condition $99. (650)558-1975
LADIES COAT Medium, dark lavender
$25 (650)368-3037
316 Clothes
reversible. Outer: weatherproof tan color.
Iner: Navy plush, elastic cuffs. $10
LADIES DONEGAL design 100% wool
cap from Wicklow, Ireland, $20. Call
LADIES FAUX FUR COAT - Satin lining,
size M/L, $100. obo, (650)525-1990
LADIES FUR Jacket (fake) size 12 good
condition $30 (650)692-3260
12, brass buttons. Sag Harbor. Excellent
condition. $15.00 (650)375-8044
LARRY LEVINE Women's Hooded down
jacket. Medium. Scarlet. Good as new.
Asking $40 OBO (650)888-0129
LEATHER JACKET Classic Biker Style.
Zippered Pockets. Sturdy. Excellent Con-
dition. Mens, XL Black Leather $50.00
LEATHER JACKET, brown bomber, with
pockets.Sz XL, $88. (415)337-1690
LEATHER JACKETS (5) - used but not
abused. Like New, $100 each.
MENS JEANS (11) Brand names various
sizes 32,33,34 waist 30,32 length $100.
for all (650)347-5104
MENS WRANGLER jeans waist 31
length 36 five pairs $20 each plus bonus
Leonard (650)504-3621
MINK CAPE, beautiful with satin lining,
light color $75 obo (650)591-4927
NIKE PULLOVER mens heavy jacket
Navy Blue & Red, Reg. price $200 sell-
ing for $59 (650)692-3260
PROM PARTY Dress, Long sleeveless
size 6, magenta, with shawl like new $40
obo (650)349-6059
VELVET DRAPE, 100% cotton, new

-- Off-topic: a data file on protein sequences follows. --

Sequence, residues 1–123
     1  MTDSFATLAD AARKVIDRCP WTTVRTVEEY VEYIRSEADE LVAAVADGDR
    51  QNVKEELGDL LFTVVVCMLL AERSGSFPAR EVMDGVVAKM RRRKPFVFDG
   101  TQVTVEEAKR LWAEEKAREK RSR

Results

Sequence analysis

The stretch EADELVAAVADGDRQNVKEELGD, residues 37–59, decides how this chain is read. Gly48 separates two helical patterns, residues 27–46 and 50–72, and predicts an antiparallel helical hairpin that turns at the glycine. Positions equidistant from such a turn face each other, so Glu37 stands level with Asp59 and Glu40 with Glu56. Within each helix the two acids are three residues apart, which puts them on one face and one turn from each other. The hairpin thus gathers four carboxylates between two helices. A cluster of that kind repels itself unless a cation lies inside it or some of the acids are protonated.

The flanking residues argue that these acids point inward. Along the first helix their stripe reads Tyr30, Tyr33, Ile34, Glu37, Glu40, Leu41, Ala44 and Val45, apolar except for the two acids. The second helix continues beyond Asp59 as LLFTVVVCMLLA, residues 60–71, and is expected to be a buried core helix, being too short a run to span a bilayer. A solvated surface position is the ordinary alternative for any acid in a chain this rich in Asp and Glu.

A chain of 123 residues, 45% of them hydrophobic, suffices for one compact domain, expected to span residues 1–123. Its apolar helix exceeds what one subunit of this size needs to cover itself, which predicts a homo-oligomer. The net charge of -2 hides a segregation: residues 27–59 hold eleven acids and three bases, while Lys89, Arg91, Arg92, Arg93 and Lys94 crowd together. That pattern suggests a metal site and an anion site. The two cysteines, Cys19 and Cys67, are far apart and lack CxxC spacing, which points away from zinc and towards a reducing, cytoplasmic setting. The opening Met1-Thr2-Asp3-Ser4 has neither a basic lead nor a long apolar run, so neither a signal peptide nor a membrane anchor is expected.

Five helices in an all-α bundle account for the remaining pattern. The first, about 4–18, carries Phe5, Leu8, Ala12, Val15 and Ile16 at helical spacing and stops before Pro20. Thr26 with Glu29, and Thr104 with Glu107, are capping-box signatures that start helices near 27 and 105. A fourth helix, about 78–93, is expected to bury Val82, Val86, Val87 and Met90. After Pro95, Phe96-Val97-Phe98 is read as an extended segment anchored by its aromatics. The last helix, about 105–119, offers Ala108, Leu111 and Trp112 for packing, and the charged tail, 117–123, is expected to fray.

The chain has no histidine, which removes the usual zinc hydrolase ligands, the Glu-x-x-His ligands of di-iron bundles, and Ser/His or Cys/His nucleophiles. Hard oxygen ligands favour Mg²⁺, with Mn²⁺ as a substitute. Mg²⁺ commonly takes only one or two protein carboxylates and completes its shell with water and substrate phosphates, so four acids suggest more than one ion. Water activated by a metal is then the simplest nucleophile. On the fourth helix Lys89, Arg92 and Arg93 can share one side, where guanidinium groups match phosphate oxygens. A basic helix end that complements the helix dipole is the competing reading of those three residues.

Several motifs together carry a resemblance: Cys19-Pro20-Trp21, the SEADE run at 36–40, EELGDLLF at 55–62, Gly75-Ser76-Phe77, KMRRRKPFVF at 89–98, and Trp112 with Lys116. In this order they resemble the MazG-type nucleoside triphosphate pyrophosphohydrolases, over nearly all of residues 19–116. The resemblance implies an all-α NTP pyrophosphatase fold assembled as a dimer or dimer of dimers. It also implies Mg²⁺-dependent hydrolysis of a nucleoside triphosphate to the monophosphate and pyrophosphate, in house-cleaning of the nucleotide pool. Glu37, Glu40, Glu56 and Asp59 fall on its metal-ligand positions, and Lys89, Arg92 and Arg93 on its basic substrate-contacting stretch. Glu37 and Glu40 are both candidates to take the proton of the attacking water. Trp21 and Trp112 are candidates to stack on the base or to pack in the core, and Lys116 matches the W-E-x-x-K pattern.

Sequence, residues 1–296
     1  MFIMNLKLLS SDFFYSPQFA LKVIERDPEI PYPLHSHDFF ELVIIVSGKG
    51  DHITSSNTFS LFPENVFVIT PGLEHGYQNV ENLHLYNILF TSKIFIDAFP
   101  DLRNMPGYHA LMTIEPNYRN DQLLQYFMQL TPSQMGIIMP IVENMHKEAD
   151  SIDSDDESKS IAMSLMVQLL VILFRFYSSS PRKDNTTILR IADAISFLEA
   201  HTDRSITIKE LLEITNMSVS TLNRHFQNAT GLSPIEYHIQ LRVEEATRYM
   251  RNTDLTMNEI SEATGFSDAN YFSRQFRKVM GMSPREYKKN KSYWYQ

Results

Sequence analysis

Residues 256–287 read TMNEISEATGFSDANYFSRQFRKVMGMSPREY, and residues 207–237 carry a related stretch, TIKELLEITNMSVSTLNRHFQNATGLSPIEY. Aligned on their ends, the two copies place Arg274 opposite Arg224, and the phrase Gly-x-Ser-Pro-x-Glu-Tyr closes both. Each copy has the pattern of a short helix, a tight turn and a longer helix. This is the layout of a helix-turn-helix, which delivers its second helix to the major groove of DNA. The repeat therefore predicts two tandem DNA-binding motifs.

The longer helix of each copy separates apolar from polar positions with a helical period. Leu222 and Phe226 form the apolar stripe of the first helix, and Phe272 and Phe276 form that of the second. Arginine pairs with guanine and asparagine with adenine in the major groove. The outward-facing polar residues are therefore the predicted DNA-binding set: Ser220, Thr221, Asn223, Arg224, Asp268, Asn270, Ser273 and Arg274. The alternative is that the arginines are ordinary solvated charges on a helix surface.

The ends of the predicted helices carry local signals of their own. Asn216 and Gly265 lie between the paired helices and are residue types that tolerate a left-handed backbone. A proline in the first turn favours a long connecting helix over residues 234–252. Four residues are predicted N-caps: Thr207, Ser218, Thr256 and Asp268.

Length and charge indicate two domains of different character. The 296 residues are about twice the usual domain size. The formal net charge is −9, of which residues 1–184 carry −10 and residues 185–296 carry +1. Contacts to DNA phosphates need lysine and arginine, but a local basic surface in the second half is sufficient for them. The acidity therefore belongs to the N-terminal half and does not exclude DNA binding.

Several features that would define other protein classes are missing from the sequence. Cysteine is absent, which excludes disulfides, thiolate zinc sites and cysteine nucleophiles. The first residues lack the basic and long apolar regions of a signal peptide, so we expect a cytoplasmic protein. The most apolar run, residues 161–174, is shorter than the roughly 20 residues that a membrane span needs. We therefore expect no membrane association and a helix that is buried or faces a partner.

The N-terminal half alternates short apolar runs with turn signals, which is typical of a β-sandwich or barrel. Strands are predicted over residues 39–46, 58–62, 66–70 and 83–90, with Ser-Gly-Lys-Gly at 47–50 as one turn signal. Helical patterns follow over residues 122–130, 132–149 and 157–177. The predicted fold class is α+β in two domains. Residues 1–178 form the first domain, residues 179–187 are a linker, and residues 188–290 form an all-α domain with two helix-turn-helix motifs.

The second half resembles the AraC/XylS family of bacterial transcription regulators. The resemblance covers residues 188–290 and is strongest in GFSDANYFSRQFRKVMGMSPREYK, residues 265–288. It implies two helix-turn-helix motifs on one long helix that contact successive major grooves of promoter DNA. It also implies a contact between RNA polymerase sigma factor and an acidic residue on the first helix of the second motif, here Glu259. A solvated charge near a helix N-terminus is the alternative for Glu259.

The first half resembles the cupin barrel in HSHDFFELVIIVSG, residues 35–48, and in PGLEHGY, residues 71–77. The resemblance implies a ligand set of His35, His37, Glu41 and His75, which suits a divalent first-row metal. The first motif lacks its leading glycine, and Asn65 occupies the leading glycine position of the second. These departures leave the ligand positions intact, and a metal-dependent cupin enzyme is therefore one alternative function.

beautiful burgundy 82"X52" W/6"hems:
$45 (415)585-3622
DRESS SIZE 6-8, $35 (650)873-8167
WHITE LACE 1880’s reproduction dress
- size 6, $100., (650)873-8167
WINTER COAT, ladies european style
nubek leather, tan colored, green lapel &
hoodie, $100., (650)888-0129
WOMEN'S JEANS size 10 labeled Du-
plex and is priced at $15 (650)574-4439
317 Building Materials
with 50" and 71" height, still in box, $50
obo (650)345-5502
30 FLUORESCENT Lamps 48" (brand
new in box) $75 for all (650)369-9762
BATHROOM VANITY, antique, with top
and sink: - $65. (650)348-6955
BRAND NEW Millgard window + frame -
$85. (650)348-6955
PVC - 1”, 100 feet, 20 ft. lengths, $25.,
318 Sports Equipment
2 BASKETBALLS Spalding NBA, Hardly
used, $30 all (650)341-5347
2 SOCCER balls hardly used, $30 all
San Mateo, (650)341-5347
AB LOUNGE exercise machine cost
$100. sell for $25. Call 650-570-6023
BASEBALLS & softballs 6 in all for only
$5 650-595-3933
BOWLING BALLS. Selling 2 - 16 lb.
balls for $25.00 each. (650)341-1861
BUCKET OF 260 golf balls, $25.
DARTBOARD - New, regulation 18” di-
meter, “Halex” brand w/mounting hard-
ware, 6 brass darts, $16., (650)681-7358
DL1000 BOAT Winch Rope & More,
$50., (650)726-9658
EXERCISE MAT used once, lavender
$12, (650)368-3037
FISHERS MENS skis $35 (650)322-2814
GOTT 10-GAL beverage cooler$20.
KIDS 20" mongoose mountain bike 6
speeds front wheel shock good condition
asking $65 (650)574-7743
LADIES BOWLING SET- 8 lb. ball, 7 1/2
sized shoes, case, $45., (650)766-3024
LADIES STEP thruRoadmaster 10
speed bike w. shop-basket Good
Condition. $55 OBO call: (650) 342-8510
MENS ROLLER Blades size 101/2 never
used $25 (650)520-3425
POWER PLUS Exercise Machine $99
REI 2 man tent $40 (650)552-9436
SALMON FISHING weights 21/2 pound
canon balls $25 (650)756-7878
SCHWINN 26" man's bike with balloon
tires $75 like new (650)355-2996
STATIONARY BIKE, Volt, Clean, $15
TAYLOR MADE 200, driver & Fairway
metals. 9 PC iron set $99 OBO.
THULE BIKE RACK - Fits rectangular
load bars. Holds bike upright. $100.
VINTAGE ENGLISH ladies ice skates -
up to size 7-8, $45., (650)873-8167